Hitachi to buy Horizon nuclear projects
News agency Bloomberg reported that the Japanese conglomerate should complete a deal to buy the proposed nuclear reactor development sites at Wylfa in Anglesey and Oldbury in Gloucestershire within the next few days, citing two sources close to the negotiations.
The sites were put up for sale by German utilities RWE and E.ON earlier this year following Germany’s decision to close all its nuclear reactors in the wake of last year’s Fukushima disaster in Japan.
A successful sale would be a shot in the arm for the UK’s plans to develop up to 16GW of new nuclear capacity by 2025, which had looked in jeopardy after Areva and China Guangdong Nuclear Power Group pulled out of plans to bid for Horizon and SSE and Siemens exited the sector altogether.
The moves left the country’s nuclear future dependent on just a handful of firms, such as EDF, Iberdrola, and GDF Suez, and raised questions over whether a lack of competition in the market would force the government to approve higher than anticipated subsidies for nuclear energy.
EDF owns and runs eight of the UK’s 10 existing nuclear power stations and is looking to build a new plant at Hinkley Point in Somerset. Meanwhile, the NuGen consortium owned by Iberdrola and GDF Suez is weighing up whether to build new reactors in Cumbria, but is unlikely to make a decision before 2015 - and may face opposition from local councils that have so far failed to decide whether to approve new nuclear waste storage sites.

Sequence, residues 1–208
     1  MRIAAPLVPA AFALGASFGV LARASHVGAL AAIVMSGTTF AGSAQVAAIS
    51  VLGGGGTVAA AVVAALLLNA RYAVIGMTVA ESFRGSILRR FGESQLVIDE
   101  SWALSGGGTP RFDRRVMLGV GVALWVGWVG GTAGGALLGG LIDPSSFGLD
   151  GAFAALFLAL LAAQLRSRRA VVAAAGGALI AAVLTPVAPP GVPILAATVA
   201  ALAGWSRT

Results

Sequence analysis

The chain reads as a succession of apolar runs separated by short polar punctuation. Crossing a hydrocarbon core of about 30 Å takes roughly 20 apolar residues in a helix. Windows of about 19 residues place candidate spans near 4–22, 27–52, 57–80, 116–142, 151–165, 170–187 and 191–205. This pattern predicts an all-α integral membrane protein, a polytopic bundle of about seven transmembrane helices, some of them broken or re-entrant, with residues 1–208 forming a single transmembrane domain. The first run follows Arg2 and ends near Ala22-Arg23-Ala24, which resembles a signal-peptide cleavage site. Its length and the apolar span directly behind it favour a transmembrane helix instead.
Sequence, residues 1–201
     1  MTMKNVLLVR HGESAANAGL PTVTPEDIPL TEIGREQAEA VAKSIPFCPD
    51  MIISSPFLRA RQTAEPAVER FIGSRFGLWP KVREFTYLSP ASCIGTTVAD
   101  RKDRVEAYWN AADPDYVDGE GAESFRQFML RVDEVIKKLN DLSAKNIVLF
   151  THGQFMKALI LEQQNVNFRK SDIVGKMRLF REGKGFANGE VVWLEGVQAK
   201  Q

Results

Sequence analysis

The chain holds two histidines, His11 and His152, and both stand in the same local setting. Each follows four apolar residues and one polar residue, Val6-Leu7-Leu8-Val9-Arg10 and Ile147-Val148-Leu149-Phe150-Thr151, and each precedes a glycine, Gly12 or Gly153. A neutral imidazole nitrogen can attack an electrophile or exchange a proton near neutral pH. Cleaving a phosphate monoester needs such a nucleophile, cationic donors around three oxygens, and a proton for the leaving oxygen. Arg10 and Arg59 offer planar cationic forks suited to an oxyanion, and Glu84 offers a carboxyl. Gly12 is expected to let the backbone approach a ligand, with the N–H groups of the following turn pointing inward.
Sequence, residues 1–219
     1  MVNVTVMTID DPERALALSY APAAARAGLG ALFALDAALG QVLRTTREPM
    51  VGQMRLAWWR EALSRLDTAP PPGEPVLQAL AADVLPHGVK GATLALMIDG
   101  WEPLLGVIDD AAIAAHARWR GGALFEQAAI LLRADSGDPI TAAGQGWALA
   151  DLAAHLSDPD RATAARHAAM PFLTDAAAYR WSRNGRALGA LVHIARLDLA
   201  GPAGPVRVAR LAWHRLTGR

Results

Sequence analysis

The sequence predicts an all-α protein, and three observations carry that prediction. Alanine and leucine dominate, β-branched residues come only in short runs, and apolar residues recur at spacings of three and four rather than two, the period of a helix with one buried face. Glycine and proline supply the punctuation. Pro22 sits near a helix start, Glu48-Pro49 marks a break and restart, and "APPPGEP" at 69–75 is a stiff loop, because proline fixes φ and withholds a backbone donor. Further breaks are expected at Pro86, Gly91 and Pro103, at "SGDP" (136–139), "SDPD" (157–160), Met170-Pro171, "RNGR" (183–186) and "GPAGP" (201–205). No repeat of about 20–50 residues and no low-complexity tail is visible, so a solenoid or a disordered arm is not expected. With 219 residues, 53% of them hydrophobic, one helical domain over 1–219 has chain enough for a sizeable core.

EDF chief executive Vincent de Rivaz told a select committee hearing on Tuesday that the company had not yet decided whether to go ahead with building the first new nuclear power stations in the UK for decades and would need further reassurances on the level of financial support availabel to the energy source before reaching a final decision.
The government intends to provide long-term contracts with a set price for low carbon electricity through the electricity market reform outlined in the forthcoming Energy Bill. EDF is widely thought to be holding out for a support level, or strike price, of between £100 per megawatt hour and £140/MWh - about four times the wholesale price of electricity.
Should the Hitachi sale go through, it could also provide a boost to the company’s joint venture with GE to build a facility turning the UK’s enormous stockpile of nuclear waste into energy.